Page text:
Baked in Toulouse since Gallo-Roman times, the fénétra is a large, oval three-layered cake made of pâte sablée on the bottom, apricot jam and lemon zest in the middle, with a dacquoise and powdered sugar on top.
Originally it was made for the days of the dead, or Feretralia, celebrated in Toulouse in March: families would head down what is now Rue du Feretra to the necropolis to offer the cakes to their deceased loved ones.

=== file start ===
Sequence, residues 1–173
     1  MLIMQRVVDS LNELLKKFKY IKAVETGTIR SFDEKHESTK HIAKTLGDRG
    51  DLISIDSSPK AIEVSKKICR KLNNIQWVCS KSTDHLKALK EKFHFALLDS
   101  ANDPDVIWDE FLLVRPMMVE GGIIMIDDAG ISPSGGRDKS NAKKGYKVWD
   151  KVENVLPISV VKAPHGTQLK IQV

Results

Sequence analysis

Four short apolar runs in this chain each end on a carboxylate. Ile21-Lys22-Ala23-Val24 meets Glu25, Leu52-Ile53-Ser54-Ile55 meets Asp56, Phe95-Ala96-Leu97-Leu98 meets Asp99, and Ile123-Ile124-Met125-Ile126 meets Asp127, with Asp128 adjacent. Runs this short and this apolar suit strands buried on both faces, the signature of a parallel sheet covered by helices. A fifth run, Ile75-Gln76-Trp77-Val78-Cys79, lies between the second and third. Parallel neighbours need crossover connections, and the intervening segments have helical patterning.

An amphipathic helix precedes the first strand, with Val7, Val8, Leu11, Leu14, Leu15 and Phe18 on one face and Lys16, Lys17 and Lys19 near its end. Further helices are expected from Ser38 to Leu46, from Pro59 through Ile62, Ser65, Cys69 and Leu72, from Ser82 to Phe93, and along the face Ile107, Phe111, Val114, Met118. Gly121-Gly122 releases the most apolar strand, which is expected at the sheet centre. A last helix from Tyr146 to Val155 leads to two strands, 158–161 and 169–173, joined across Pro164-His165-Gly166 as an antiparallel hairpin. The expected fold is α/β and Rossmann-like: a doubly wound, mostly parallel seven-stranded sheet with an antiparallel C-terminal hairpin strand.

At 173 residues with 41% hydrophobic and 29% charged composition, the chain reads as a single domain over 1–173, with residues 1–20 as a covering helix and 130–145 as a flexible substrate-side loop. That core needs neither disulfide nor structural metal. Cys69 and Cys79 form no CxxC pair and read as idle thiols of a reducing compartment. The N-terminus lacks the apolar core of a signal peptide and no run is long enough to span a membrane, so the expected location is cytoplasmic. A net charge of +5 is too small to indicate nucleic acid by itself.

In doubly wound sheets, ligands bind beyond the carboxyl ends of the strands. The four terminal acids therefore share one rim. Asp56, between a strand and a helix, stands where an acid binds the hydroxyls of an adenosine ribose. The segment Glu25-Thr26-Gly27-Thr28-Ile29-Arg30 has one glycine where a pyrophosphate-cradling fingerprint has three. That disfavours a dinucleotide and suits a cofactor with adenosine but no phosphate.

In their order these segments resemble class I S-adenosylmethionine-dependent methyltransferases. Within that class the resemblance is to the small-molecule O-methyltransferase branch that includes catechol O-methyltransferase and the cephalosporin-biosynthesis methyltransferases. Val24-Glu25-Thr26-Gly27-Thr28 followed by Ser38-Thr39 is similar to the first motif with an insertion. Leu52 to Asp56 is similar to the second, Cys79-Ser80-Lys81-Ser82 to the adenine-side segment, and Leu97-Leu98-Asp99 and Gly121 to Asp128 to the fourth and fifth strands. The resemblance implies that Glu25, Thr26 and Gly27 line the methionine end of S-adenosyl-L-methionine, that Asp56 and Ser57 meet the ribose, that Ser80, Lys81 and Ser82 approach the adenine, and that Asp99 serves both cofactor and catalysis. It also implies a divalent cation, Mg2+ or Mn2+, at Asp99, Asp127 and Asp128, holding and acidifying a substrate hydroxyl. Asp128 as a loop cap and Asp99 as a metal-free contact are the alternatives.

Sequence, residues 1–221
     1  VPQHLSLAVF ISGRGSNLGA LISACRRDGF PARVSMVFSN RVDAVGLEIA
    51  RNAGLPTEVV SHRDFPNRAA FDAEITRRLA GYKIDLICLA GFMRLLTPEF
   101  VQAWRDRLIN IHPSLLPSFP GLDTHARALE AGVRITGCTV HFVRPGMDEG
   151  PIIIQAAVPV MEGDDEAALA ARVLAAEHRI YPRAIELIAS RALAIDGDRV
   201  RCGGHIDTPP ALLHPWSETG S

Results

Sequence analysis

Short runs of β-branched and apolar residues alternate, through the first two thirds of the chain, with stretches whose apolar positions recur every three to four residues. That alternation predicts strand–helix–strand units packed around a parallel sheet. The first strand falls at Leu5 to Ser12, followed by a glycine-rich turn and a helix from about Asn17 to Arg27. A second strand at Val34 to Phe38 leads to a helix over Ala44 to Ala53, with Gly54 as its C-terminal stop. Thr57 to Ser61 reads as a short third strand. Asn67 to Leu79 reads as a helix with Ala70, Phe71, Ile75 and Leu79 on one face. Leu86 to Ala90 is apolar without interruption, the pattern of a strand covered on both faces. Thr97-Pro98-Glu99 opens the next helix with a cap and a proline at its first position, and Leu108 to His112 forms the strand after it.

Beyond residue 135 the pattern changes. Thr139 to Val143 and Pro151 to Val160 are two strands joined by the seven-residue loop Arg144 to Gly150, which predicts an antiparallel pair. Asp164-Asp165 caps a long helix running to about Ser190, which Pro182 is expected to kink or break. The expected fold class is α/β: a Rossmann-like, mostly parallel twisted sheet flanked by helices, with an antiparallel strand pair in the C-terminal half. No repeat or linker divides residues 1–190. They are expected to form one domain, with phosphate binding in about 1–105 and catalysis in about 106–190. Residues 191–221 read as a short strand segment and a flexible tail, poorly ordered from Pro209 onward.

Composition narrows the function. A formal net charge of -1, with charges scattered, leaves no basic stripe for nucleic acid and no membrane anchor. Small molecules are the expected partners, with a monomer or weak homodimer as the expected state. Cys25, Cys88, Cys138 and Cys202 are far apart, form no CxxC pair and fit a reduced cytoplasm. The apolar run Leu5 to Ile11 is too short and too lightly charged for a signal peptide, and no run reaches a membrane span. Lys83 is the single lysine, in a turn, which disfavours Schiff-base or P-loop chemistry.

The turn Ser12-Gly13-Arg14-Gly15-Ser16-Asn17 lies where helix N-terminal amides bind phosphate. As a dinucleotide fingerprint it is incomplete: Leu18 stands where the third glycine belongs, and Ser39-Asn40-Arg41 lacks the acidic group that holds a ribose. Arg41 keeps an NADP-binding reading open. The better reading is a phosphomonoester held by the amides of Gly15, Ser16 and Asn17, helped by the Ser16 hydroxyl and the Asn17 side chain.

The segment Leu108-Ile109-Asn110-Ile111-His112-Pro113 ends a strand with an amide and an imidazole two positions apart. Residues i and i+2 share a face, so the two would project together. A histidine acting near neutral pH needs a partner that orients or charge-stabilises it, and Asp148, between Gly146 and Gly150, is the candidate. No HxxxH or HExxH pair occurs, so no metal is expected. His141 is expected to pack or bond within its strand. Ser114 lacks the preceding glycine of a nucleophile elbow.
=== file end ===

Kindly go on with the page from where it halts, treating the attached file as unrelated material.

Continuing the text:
It became a popular dessert in later centuries, one that stayed fresh over several days. It fell out of fashion in the 20th century and was nearly completely forgotten when a local newspaper suggested it be revived with a festival to celebrate Toulouse’s traditions, the Grand Fénétra, which takes place the last weekend in June.
Image by Desman31, CC BY-SA 4.0